On September 20, 2017, the U.S. Fish and Wildlife Service (“USFWS”) listed three separate species under the Endangered Species Act (“ESA”). USFWS listed the Sonoyta mud turtle (Kinosternon sonoriense) as endangered, and the ‘I’iwi (Drepanis coccinea) and pearl darter (Percina aurora) as threatened species under the ESA. Despite listing all three species, the USFWS deferred designating critical habitat for the three species. The three listing decisions, all of which were compelled by settlements that the USFWS entered into during the Obama administration, are summarized below.
- The Sonoyta mud turtle is an isolated, native, endemic freshwater species found in southern Arizona and northern Sonora, Mexico. The mud turtle depends on aquatic habitat with adjacent terrestrial habitat. Of the five remaining known populations of the Sonoyta mud turtle, only one is known to occur in the United States in the pond and channels associated with Quitobaquito Springs in Organ Pipe Cactus National Monument, Arizona. The USFWS final rule provides that loss of water supporting aquatic and riparian habitat is the primary threat to the turtle’s future viability.
- The ‘I’iwi is a Hawaiian bird species, found primarily in closed canopy, montane wet or montane mesic forests. The remaining populations of the ‘I’iwi are restricted to forests above approximately 3,937 feet in elevation on the island of Hawaii, east Maui, and Kauai. The USFWS final rule identifies avian malaria as the primary driver of the ‘I’iwi’s decline.
- The pearl darter is a small fish, historically found within the Pearl and Pascagoula River drainages in Mississippi and Louisiana. Today, the pearl darter occurs in scattered sites within an approximately 415-mile area of the Pascagoula drainage, including the Pascagoula, Chickasawhay, Leaf, Chunky, and Bouie Rivers and Okatoma Creek and Black Creek. According to the USFWS final rule, water quality degradation is the principle cause of the pearl darter’s decline.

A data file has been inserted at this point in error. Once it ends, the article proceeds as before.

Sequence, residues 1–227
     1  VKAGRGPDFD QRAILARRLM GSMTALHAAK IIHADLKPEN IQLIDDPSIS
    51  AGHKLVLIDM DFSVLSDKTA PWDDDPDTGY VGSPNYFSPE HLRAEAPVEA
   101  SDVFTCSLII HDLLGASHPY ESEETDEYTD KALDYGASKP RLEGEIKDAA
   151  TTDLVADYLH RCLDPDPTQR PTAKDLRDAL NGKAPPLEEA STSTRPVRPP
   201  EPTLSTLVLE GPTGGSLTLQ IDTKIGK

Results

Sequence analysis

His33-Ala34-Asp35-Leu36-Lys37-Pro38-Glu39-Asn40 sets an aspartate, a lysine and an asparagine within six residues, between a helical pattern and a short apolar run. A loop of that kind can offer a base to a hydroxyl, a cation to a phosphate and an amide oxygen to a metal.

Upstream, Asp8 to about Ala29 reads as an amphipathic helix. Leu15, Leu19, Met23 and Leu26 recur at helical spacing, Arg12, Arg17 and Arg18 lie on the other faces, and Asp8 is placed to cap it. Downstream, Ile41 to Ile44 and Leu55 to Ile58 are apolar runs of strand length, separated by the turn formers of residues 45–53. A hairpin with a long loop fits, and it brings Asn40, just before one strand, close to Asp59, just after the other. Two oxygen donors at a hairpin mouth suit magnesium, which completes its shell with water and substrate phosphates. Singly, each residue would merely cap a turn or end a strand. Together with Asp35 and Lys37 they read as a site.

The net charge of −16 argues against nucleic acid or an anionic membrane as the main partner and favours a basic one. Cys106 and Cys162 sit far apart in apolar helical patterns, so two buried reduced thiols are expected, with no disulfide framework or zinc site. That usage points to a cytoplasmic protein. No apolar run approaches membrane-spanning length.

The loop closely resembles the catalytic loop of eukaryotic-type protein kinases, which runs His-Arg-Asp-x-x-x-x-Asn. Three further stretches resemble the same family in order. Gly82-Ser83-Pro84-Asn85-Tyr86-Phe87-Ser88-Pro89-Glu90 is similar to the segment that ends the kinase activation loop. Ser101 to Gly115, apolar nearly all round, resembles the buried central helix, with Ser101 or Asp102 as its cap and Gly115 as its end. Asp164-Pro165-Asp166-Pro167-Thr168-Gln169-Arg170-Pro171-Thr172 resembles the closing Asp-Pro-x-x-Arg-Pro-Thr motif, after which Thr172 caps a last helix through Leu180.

Just a day earlier, on September 19, 2017, the National Marine Fisheries Service (“NMFS”) published its final rule listing the Maui dolphin (Cephalorhynchus hectori maui) as an endangered species and the South Island Hector’s dolphin (C. hectori hectori) as a threatened species under the ESA. Both types of dolphin are subspecies of the Hector’s dolphin, which is among the world’s smallest dolphins and occurs only in the coastal waters of New Zealand. Currently, the estimated total population of South Island Hector’s dolphin is between 11,923 to 18, 942 dolphins. NMFS estimates that only 63 Maui dolphins older than one year old exist today. According to NMFS’s recent species status review, bycatch – dolphins being accidentally caught when other species are being fished – is the primary factor in the dolphins’ decline. Because neither dolphin occurs within areas under U.S. jurisdiction, NMFS did not designate critical habitat for either species.